Let's look at this for a second....did Katie ask Bidden where Obama sponsored or co-sponsored reform of the GSE's? And if so, was Bidden able to tout a list of them off the top of his head? I seriously doubt it, first because Obaman has spent most of his senatorial career NOT in Washington; he's been out preparing to run for President for the majority of his time in the Senate.

Katie was going for the mis-step. She wanted us to think that Palin should be able to recite all legislation...without notes...like she was using for her interview. But, without prep I doubt any one could answer that question.

And Dem's? Do us all a favor and stop assuming we are voting for the McCain Palin ticket for reasons other then the issue. It is your side that votes mostly with its uterus (or desire for one!)...sorry couldn't resist.

Anonymous said...

Oh my gosh...

Having seen all of her interviews, and having read about everything about her that has been published in the past month, I am left with one unescapable conclusion. Sarah Palin is absolutely out of her league. I don't want to say bad things about her. From everything I have seen, she seems like a nice person. She is just not ready to be Vice President - or President. I am literally frightened that Palin could end up being President. I truly believe most people, no matter their political affiliation, are VERY uncomfortable with Palin's qualifications. Of course, most Republicans will go to the mat defending her because they think they have no choice. But I am convinced that deep down, most Republicans feel there were certainly better choices available for a running mate. I believe Obama will win this election. What scares me though is that Palin has benefited from dumb luck throughout her poitical career, and that dumb luck could continue. The Republicans have stolen the last two Presidential elections. There is no reason to think they can't do it again. Whether you like Palin or not, you all should be scared that she may some day stumble into the Presidency.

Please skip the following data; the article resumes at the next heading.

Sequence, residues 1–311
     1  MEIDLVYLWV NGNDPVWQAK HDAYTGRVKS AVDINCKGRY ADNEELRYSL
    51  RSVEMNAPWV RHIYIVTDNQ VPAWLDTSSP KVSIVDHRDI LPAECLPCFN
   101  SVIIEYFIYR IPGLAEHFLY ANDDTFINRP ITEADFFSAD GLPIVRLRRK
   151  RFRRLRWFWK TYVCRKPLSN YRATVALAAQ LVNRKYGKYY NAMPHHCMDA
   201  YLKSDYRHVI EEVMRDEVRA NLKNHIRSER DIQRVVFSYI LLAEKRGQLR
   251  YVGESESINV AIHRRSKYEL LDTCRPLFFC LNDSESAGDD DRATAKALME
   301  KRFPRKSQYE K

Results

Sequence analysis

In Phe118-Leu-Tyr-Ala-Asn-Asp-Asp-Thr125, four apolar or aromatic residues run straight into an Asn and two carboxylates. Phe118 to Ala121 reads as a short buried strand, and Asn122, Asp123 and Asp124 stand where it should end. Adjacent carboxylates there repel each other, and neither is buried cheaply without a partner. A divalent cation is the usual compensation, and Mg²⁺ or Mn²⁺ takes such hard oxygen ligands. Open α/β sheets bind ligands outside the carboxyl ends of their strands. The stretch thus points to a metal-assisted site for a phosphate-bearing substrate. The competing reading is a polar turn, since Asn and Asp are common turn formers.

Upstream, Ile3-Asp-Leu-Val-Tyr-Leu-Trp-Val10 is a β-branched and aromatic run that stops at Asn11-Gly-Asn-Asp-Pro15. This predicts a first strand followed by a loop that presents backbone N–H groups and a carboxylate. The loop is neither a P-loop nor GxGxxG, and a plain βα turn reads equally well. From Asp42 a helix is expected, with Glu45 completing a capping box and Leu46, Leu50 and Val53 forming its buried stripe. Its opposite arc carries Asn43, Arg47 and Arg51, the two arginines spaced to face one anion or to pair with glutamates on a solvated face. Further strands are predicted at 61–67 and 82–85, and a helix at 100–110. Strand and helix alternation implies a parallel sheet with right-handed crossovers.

Anonymous said...

I agree with the point (the other) anonymous is making. I really don't see how anyone could watch the Couric interview and be reassured. She seems like a nice person and is probably a pretty good ("beginning") governor; if she were to spend a term or two in office she may develop a worldview and a gravitas that would prepare her for the (vice-)presidency. But she clearly isn't there yet.

Anonymous said...

US politics are scary!

Palin is a dunderhead and McCain is impulsive. That he could pick such a person as a running mate is indicative of bad judgement as is his grandstanding yesterday.